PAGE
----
Mood swings and fatigue can be a result of changes in hormone levels and the demands of having a new baby. In most cases, the “baby blues” will subside after a few weeks, but some women develop a more serious mood disorder known as postpartum depression.
What is postpartum depression?
Postpartum depression affects 10-20% of all women who give birth. It is a mood disorder which is more severe and lasts longer than the “baby blues”, a normal period of mood swings and fatigue that is experienced by most new mothers. Postpartum depression can cause feelings of sadness, anxiety, and tiredness which limit a new mother’s ability to care for their child or themselves.
In the postpartum period, sudden changes in hormone levels, sleep deprivation and the demands of caring for a new infant all contribute to Normally, the baby blues will go away after a few weeks, but postpartum depression can last much longer and may require treatment.
What are the symptoms of postpartum depression?
The signs of postpartum depression are similar to other types of depression and include:
- Feelings of sadness and hopelessness
- Feelings of guilt
- Loss of energy
- Anxiety and irritability
- Lack of interest in a pleasurable activity
- Fatigue and tiredness
- Inability to sleep or sleeping too much
- Lack of appetite or overeating
- Lack of interest in social activity
- Excessive crying
- Feelings of anger
In addition to symptoms of depression experienced at other times, postpartum depression may also include symptoms specific to being a mother such as:
- Excessive worry about infant
- Feeling distant from infant
- Worry about the inability to parent
- Fear of hurting the infant
Emergency help should be obtained for postpartum depression if the mother has suicidal thoughts or thoughts of harming the infant or anyone else. New mothers should be encouraged to ask for help from loved ones and to discuss their concerns. In the event of an emergency, mothers or family members should call 911.
How is postpartum depression diagnosed?
Many women who develop postpartum depression are unaware of the severity of their symptoms. They may have been told to expect mood swings and fatigue that accompanies baby blues and will not seek help right away. The first postpartum checkup should include a discussion of mood symptoms.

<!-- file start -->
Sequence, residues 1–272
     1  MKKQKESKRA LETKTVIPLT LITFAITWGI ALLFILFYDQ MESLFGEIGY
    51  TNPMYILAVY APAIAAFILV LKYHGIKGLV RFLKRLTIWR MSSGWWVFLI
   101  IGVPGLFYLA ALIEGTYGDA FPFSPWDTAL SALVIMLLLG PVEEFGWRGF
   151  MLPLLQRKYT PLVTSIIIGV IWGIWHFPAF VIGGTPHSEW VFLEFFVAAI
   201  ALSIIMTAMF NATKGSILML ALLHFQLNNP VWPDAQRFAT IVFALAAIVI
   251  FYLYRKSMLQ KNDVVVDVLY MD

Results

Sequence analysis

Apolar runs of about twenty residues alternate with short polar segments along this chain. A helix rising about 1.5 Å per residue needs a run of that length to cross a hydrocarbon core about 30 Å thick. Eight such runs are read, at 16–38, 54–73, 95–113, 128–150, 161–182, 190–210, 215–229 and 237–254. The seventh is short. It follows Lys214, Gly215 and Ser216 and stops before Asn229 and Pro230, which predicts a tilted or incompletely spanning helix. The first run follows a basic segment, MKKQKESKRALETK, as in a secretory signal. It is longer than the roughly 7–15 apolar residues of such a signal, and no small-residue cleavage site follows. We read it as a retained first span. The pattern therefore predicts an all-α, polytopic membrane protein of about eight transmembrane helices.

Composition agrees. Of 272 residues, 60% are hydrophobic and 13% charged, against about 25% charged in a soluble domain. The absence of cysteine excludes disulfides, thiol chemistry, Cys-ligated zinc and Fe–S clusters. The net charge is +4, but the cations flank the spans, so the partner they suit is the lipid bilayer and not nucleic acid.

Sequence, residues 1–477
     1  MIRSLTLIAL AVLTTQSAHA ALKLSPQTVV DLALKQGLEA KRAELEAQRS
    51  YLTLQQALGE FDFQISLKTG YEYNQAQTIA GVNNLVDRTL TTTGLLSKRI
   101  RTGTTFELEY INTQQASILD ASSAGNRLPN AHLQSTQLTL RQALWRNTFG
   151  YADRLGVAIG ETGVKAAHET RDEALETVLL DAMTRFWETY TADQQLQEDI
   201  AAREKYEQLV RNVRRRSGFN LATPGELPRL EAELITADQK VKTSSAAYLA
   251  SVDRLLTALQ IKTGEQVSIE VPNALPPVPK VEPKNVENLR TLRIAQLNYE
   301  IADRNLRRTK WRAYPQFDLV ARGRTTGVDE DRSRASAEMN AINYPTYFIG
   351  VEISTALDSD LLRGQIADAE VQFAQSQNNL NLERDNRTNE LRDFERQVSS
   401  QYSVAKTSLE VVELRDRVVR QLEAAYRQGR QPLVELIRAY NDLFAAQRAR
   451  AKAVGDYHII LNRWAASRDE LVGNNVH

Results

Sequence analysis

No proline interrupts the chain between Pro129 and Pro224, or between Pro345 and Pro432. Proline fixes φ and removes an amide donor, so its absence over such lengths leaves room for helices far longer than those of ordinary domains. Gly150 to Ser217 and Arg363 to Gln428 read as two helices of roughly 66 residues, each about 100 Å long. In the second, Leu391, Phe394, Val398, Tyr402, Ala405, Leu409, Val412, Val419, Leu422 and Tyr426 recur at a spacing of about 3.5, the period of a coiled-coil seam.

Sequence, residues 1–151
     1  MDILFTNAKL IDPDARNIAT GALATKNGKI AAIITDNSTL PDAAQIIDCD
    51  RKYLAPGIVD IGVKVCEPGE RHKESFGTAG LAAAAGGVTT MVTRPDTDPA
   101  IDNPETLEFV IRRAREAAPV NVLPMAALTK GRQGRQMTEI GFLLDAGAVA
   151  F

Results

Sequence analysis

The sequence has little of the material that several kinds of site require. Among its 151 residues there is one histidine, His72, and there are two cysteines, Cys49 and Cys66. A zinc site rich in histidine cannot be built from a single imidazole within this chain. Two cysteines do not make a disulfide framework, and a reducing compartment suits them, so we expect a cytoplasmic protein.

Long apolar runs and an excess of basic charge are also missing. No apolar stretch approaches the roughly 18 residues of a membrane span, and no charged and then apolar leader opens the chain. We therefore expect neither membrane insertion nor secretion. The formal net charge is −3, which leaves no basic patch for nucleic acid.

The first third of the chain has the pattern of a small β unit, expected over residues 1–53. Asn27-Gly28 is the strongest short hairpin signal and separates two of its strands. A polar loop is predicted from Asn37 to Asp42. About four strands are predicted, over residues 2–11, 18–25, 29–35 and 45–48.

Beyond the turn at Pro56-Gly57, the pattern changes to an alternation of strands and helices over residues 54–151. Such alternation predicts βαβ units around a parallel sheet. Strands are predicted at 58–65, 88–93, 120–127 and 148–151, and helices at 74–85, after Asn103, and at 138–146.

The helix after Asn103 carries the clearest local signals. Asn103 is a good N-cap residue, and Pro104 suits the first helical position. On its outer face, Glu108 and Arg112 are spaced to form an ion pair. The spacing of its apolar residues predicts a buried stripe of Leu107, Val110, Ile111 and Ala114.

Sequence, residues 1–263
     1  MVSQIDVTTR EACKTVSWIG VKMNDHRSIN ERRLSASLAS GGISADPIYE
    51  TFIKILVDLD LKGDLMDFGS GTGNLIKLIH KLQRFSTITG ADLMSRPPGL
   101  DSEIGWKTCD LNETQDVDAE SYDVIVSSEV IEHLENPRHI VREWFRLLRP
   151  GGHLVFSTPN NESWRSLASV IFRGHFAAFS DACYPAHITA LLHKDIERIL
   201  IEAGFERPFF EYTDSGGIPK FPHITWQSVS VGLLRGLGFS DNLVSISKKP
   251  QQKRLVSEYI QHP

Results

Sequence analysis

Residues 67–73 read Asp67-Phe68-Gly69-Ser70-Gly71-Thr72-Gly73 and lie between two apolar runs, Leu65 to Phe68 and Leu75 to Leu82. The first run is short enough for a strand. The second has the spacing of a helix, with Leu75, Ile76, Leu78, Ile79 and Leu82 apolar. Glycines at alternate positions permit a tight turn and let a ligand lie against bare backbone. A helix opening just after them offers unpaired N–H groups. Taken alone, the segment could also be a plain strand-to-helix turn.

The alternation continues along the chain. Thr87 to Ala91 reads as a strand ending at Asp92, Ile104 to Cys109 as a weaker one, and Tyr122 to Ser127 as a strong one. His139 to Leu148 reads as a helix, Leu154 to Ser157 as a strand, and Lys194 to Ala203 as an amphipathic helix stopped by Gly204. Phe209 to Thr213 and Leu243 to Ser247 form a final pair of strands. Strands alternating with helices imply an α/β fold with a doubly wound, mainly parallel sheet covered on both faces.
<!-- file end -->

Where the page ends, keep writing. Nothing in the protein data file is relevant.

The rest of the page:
Diagnosing postpartum depression usually involves a combination of physical and psychiatric evaluations including:
- Laboratory testing to rule out medical conditions such as low thyroid, anemia or infections
- Physical exam conducted as part of the postpartum or other routine checkups will help to eliminate other causes for symptoms of depression.
- Questionnaires such as the Hamilton Depression Scale (Ham-D), the PHQ-9 or other inventories may be used to help identify women with depression.
- Interview and discussion of symptoms of depression, anxiety and fears will help determine a plan of action
- Comparison with requirements of Diagnostic and Statistical Manual of Mental Disorders edition 5 (DSM-V) which lists criteria for an official psychiatric diagnosis of “postpartum depression”.
How is postpartum depression treated?
Postpartum depression is more severe than baby blues and may require behavioral or medical intervention. If left untreated, it can persist for months or even years and may impact the physical health of the mother and the ability to bond with the new baby. It is important that women who are experiencing symptoms of postpartum depression seek help from a physician or mental health professional.
With appropriate treatment, women with postpartum depression may begin to improve within a few weeks. In most cases, treatment will include a combination of self-management, individual or group “talk” therapy, and medication.
Psychotherapy is also called “talk therapy”. A trained therapist can help new mothers with postpartum depression to understand their illness and develop coping strategies to reduce symptoms. Many therapists practice cognitive behavioral therapy (CBT) which is designed to change negative thinking patterns that may affect the way a person feels. Most therapy for postpartum depression will be done on an “individual” basis with the patient and a therapist but some women also benefit from group therapy with other new mothers.
While therapy may help with thought patterns and strategies, self-management is also necessary for most women. The therapist or doctor may make recommendations for self-care such as establishing a routine, eating a healthy diet, participating in physical activity, avoiding isolation and connecting with friends or family. Women with postpartum depression should be encouraged to ask for help and to set reasonable expectations.
Some women with postpartum depression will benefit from antidepressant medication. Antidepressants work by increasing the activity of certain brain chemicals, called neurotransmitters. Over time, this may help to improve mood levels. In other cases, short-term use of anti-anxiety medications may be recommended.
Some medications are excreted into breast milk and while many medications are considered safe, women who are breastfeeding should discuss the potential risks and benefits for both mother and baby.
Suicide hotline for postpartum depression
The National Suicide Prevention Lifeline hotline was established to help people who are considering suicide. It is staffed 24 hours a day, 7 days a week and available to take calls from those struggling with suicidal ideation or from those who are concerned about a loved one. The National Suicide Prevention Lifeline can be reached at 1-800-273-TALK or 1-800-273-8255.
The National Suicide Prevention Lifeline also maintains a Twitter account at @8002738255, a Facebook page “800273talk” and has an online chat service available on their website at https://suicidepreventionlifeline.org/chat/.